The anatomy of a blurb: A Globe Books investigation
We asked three publishing professionals about why they do it when it hurts so much, and if there’s a payoff.
Are blurbs effective?
Jennifer Lambert, editorial director, HarperCollins Canada:Blurbs are not only aimed at the final reader in the bookstore, I think they’re also aimed at booksellers and at the media when you’re positioning a book.
Lynn Henry, publishing director, Doubleday Canada:If you get a blurb from Michael Ondaatje saying “This is the most amazing book I’ve read in five years,” or something, then obviously that would have an effect, but getting a whole bunch of blurbs from people who don’t have quite the same name recognition for the general reader probably isn’t that effective.
Jamie Broadhurst, vice-president of marketing, Raincoast Books:They’re probably necessary even if they’re not effective. That’s because the blurb is important from a marketing point of view very early on in the process.
Has the relevance of blurbs diminished or changed?
L.H.:Yes, I would say that there was more of a sense, earlier on, that just getting any kind of blurb was just de facto a great thing and I think now you really need that blurb that stands out. ... Getting a whole bunch of bookseller endorsements to put on an advance reading copy that is sent out to influencers who can influence other people within the industry is a much bigger thing.
J.B.:There’s almost an inflation of blurbs and so if someone blurbs too often, their impact is less. But it still can really work. Didn’t Margaret Atwood blurb the Vincent Lam very early? That really broke his career out in a way that wouldn’t have been the case otherwise. A timely, thoughtful blurb can still have impact.
How skeptical should a reader be about blurbs?
J.L.:I think people who are giving blurbs understand that their reputation and their names are involved as well. There have been many times when people have been approached for blurbs and they have simply said, with great respect, “No, I’m not going to blurb.” That happens all the time.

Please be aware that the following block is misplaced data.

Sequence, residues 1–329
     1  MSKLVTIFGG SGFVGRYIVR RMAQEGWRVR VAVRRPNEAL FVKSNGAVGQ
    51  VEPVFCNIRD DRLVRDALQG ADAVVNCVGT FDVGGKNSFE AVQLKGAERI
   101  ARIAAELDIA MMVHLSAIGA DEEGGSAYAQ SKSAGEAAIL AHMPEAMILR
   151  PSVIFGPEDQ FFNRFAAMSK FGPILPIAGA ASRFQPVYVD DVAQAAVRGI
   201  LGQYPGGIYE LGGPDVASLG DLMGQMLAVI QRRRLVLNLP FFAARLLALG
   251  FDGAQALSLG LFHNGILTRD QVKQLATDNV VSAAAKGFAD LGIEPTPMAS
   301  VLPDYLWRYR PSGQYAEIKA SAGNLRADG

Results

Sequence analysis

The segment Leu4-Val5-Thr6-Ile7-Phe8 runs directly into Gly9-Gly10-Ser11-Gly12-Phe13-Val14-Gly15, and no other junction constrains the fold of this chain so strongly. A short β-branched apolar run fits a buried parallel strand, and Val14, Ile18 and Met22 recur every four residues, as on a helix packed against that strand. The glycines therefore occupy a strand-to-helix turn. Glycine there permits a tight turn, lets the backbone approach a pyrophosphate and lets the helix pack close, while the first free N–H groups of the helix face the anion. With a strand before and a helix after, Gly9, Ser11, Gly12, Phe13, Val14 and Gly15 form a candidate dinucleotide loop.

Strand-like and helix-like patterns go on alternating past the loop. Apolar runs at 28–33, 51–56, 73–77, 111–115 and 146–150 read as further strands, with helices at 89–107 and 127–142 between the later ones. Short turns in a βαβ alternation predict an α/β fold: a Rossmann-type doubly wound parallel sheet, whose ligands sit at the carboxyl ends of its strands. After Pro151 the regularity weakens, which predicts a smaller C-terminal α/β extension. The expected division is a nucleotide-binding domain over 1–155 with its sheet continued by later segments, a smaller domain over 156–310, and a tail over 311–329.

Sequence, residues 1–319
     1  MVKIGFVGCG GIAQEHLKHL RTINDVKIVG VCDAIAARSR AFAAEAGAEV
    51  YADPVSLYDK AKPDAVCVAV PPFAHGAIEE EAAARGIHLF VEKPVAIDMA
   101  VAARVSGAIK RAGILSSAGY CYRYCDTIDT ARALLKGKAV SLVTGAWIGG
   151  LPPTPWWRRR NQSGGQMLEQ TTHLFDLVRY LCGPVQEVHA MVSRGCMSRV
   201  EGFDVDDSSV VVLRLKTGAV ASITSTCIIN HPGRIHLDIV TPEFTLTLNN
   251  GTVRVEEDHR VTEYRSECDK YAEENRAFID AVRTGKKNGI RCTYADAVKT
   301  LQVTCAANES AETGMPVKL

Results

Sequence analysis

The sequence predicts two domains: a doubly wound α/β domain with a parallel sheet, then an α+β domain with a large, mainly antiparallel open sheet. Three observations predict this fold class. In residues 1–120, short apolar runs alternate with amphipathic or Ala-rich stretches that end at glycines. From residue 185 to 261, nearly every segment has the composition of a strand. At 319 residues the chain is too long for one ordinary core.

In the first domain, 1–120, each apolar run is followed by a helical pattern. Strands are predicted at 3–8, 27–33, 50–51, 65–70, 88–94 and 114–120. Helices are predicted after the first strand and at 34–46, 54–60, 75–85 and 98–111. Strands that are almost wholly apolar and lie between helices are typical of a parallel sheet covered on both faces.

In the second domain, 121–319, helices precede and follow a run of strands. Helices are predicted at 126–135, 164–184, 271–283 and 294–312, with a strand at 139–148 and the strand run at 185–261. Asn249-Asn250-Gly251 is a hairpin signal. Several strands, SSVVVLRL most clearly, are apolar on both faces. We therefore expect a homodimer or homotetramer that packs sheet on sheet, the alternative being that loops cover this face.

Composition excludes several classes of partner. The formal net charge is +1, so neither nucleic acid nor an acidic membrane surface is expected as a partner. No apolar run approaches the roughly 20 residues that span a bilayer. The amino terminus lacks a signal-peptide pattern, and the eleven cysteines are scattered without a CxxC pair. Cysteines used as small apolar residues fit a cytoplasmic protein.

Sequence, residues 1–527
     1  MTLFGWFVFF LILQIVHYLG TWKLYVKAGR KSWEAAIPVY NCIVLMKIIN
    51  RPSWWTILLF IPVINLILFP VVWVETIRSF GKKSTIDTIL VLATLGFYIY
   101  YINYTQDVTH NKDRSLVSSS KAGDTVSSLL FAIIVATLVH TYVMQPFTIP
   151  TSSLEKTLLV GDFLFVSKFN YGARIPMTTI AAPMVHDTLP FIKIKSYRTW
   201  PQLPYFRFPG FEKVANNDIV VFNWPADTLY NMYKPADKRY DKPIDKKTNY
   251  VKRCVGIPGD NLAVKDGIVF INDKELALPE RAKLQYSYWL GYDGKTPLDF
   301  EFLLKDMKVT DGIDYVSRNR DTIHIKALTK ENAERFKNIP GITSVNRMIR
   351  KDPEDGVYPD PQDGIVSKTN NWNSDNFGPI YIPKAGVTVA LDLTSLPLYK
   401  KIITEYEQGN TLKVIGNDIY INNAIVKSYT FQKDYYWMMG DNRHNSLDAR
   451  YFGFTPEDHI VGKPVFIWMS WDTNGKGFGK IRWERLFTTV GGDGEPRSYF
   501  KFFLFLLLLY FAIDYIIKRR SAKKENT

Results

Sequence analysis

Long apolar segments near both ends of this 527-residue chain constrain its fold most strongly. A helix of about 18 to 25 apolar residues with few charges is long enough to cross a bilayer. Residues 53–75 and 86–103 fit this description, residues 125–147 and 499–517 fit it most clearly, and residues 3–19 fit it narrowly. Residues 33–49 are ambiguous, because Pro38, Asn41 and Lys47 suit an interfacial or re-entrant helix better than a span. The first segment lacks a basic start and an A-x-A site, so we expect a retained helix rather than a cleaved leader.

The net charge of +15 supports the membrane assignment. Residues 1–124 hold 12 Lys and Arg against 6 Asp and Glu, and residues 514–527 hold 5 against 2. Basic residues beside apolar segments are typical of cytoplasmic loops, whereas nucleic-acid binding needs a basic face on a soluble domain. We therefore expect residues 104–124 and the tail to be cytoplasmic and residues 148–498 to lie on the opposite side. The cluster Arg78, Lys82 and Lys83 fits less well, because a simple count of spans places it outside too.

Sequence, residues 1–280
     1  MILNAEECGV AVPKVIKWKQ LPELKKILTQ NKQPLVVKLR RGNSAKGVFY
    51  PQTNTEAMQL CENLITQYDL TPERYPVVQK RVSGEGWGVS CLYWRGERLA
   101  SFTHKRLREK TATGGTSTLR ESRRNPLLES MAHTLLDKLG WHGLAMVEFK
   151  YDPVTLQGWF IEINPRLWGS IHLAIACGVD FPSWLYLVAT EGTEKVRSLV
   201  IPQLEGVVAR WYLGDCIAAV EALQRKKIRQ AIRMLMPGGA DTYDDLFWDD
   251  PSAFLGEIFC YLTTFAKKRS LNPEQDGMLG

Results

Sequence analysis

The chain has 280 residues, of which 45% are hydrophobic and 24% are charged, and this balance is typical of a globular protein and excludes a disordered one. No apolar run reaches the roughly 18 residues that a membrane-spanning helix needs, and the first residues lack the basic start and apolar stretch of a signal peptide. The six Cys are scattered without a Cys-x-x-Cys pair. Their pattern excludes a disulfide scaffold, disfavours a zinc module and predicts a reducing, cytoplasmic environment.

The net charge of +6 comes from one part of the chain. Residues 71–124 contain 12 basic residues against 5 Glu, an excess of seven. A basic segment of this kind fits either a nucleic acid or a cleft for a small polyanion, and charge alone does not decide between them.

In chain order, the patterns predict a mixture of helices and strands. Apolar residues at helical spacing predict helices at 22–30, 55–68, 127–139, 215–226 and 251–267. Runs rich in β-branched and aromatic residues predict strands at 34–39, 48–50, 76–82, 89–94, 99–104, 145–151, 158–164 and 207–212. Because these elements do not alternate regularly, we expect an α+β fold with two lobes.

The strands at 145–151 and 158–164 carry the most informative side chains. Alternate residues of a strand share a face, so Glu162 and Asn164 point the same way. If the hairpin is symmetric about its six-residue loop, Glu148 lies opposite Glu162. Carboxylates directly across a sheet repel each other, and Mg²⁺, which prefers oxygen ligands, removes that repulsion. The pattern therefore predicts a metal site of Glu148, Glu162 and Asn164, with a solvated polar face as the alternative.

L.H.:I do think that one should be skeptical, but also there is a real sense of the part of writers of trying to be honest about which books they endorse. I think there’s more of this now.
J.B.:It’s a bit of buyer beware. I would say I think they should, but I don’t know how they could. You could say the same about reviews.
Do you wish you could do a book without them?
J.L.:Yes, often, because it is hard. Multiple books are published at any given moment and you’re going to people often and asking for them to support many writers at a time. You have to be careful about not repeatedly going to the same people – you have to pair it well. It’s a craft, I have to say, and it takes up a large portion of our time.
L.H.:Yes. For so many reasons. To be perfectly frank, the whole proposition is that the person who provides the blurb gets to say what they want. Sometimes it comes back and it’s everything you could wish for and more. But sometimes it positions the book in a different way than you saw it, and then you have to decide how you’re going to use it.
J.B.:As long as your packaging is striking and there’s something original, then you can absolutely function without a blurb. I see blurbs as part of the conventional wisdom of what it means to publish well – but were Beatles albums marketed with a blurb from the Rolling Stones?